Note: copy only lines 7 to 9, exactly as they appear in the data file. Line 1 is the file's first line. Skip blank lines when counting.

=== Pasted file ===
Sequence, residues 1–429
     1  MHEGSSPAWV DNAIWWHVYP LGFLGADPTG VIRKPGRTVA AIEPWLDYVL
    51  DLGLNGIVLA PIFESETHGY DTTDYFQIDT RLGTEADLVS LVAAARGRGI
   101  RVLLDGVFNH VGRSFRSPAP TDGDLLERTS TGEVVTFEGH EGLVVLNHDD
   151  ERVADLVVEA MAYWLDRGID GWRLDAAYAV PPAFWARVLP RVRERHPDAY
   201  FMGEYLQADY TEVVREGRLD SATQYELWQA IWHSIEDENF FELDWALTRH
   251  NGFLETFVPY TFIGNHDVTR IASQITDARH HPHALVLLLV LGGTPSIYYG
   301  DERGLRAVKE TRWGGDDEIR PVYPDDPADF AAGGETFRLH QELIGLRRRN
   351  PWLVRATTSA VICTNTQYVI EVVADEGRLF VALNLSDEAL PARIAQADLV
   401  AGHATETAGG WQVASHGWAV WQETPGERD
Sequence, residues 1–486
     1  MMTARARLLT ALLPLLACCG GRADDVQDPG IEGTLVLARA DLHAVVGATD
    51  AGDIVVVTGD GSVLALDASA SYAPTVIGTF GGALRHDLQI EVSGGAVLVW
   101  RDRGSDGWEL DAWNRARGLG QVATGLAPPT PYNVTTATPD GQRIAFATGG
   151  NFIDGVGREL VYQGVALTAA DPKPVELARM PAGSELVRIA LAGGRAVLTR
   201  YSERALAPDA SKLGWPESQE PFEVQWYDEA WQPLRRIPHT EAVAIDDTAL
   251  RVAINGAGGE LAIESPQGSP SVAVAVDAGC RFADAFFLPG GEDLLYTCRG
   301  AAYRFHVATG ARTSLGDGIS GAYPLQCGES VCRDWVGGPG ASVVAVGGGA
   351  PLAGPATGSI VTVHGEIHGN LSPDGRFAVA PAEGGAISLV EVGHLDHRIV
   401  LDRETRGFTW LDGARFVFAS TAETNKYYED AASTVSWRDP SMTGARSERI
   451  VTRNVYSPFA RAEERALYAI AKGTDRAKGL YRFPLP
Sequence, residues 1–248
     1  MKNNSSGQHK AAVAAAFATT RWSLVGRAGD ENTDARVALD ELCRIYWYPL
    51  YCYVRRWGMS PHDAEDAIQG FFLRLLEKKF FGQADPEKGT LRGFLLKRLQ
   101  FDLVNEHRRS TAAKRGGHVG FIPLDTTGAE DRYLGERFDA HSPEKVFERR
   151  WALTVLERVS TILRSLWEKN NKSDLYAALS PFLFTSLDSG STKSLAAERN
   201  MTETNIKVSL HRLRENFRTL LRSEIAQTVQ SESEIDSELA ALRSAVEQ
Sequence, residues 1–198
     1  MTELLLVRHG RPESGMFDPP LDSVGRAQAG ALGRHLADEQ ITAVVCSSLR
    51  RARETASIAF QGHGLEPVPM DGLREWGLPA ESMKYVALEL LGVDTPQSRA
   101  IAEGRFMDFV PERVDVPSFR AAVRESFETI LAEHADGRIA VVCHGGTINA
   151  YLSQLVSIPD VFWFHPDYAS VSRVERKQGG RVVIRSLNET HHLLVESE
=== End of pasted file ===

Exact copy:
   251  NGFLETFVPY TFIGNHDVTR IASQITDARH HPHALVLLLV LGGTPSIYYG
   301  DERGLRAVKE TRWGGDDEIR PVYPDDPADF AAGGETFRLH QELIGLRRRN
   351  PWLVRATTSA VICTNTQYVI EVVADEGRLF VALNLSDEAL PARIAQADLV